Welcome to the second lesson in Affiliate Marketing for Beginners and to the first actionable step in your journey, Niche Selection
So What Dictates Which Niches You Should Enter?
The selection of your market is absolutely crucial to your success. You need to focus on niches that consumers will purchase products or services through on a one-off or recurring basis; it needs to be a profitable or buyers niche.
Ideally, we want low competition, high traffic niches where people are hungry to buy.
Competition, in marketing terms, means the number of other people who are targeting the same product or service online as you. Whilst competition in a market indicates that it is a viable niche, it also means that the length of time and effort that you will need to invest to see any profit will be dramatically increased.
Examples of highly competitive niches are:
- Internet Marketing
- Self Help
Examples of low competition niches:
- Specific Workout Routines (ie – Kettlebells)
- Fashion (targeting specific brands or styles)
- Health / Workout Supplements (specific brands, new products)
- Electronics (new models are continually being released)
We will examine competition a lot closer when we start researching our keywords so for now, every niche is on the table provided it fulfils some or all of the other criteria below.
The cost of the product or service you are promoting also needs to be taken into account. If you are promoting Scrapbooking items for example, there may be low competition in the niche but the average sale may also be incredibly small, resulting in a tiny commission for you. Whilst this can be overcome by having greater sales numbers, it also means driving larger traffic numbers to your site which can be difficult.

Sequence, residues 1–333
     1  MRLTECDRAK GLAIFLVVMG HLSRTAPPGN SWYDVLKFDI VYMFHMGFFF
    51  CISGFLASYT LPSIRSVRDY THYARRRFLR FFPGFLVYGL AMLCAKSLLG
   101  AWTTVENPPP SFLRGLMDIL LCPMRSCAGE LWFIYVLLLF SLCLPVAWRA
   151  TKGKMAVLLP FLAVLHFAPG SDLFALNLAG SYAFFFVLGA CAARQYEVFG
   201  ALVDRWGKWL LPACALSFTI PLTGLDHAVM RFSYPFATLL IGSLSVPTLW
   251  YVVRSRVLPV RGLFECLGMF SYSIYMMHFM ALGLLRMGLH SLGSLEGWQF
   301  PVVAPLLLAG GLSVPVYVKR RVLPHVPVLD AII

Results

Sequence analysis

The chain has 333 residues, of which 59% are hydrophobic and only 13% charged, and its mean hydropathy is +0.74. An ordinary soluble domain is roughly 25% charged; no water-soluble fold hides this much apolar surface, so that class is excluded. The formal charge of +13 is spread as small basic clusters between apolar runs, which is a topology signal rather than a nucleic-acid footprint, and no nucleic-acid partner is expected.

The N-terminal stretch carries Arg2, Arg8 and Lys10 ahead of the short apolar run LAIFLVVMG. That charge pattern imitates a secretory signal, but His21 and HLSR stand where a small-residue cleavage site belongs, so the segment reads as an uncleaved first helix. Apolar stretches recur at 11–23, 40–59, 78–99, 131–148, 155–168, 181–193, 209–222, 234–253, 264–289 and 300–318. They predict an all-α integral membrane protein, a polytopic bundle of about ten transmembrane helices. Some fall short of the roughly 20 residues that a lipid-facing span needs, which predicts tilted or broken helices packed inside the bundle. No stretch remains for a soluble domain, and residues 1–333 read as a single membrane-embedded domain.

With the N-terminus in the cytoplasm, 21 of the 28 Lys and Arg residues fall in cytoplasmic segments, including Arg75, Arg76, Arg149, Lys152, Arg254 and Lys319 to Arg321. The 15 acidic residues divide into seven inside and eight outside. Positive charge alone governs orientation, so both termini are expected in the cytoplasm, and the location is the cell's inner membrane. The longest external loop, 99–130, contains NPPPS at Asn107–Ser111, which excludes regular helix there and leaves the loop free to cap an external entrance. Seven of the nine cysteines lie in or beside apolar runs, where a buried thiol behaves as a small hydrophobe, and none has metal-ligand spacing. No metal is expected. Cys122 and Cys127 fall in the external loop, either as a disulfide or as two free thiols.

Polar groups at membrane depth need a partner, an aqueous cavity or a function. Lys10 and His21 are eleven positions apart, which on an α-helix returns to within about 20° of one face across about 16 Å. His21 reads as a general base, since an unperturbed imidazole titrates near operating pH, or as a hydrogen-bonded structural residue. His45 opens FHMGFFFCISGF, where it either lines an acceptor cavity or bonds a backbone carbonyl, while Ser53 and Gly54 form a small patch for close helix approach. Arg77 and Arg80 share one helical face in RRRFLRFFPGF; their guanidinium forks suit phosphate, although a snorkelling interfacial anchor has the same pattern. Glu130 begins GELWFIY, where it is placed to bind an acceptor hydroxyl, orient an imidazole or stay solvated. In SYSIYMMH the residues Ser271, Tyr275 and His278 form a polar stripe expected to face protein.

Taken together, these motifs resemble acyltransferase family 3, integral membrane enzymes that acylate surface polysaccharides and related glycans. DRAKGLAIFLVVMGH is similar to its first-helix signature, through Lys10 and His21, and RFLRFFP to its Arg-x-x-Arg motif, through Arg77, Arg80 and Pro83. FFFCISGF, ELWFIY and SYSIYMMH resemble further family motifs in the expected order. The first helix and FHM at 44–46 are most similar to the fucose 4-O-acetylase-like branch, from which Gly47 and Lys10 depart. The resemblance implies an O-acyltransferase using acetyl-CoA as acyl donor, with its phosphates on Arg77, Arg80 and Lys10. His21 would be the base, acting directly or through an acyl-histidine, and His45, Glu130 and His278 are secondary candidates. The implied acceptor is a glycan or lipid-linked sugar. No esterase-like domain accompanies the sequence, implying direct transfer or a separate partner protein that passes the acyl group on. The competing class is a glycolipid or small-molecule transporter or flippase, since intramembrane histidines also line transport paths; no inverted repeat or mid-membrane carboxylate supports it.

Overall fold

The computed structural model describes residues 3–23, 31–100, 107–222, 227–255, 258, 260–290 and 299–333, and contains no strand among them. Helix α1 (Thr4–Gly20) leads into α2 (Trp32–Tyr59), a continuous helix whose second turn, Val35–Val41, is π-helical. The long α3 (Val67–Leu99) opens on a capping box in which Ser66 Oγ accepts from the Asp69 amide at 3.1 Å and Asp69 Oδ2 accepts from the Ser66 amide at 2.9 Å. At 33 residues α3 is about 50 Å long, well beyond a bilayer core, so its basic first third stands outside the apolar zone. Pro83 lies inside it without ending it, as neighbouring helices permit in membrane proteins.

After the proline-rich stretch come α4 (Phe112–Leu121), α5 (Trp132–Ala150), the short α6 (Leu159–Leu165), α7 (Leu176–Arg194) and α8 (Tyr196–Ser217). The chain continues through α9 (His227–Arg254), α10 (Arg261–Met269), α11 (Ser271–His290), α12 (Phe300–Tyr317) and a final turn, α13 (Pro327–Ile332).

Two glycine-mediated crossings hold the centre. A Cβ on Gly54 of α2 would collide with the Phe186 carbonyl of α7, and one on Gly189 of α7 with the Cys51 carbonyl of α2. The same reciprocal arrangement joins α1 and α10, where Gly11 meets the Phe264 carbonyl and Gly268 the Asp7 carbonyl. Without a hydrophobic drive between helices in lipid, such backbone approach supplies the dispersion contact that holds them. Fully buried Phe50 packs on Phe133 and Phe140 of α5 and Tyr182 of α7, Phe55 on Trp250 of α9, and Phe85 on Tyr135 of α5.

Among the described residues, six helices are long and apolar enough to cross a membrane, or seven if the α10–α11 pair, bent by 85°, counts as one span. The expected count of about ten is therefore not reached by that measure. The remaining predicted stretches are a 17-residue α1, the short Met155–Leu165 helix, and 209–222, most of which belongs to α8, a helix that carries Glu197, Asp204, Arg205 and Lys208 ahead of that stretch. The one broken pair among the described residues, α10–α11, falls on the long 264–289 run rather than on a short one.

Having a product that is too highly priced can also be a problem. Whilst most people may be happy to spend a few hundred dollars online, most people will stall at spending thousands and will most likely want to speak to someone running the site (if the site is not an established brand) or will research through your site and then buy from a known and reputable site.
You need to find a sweet spot that doesn’t require thousands of visitors a day to turn a decent profit or doesn’t price itself out of sales due to expensive items items. I recommend somewhere in the $10 – $20 vicinity and above for profit per sale. The product or service cost to get you this profit margin will vary depending on the terms of your monetisation method.
Multiple Product Lines
Having only a single product to promote is not necessarily an bad issue but if your chosen niche lends itself to promoting a number of brands, models or styles then there is a greater opportunity to make bigger profits. Ideally, for your first few sites at least, you should target a niche where you either can monetise the one subject in multiple ways or you have multiple products to promote.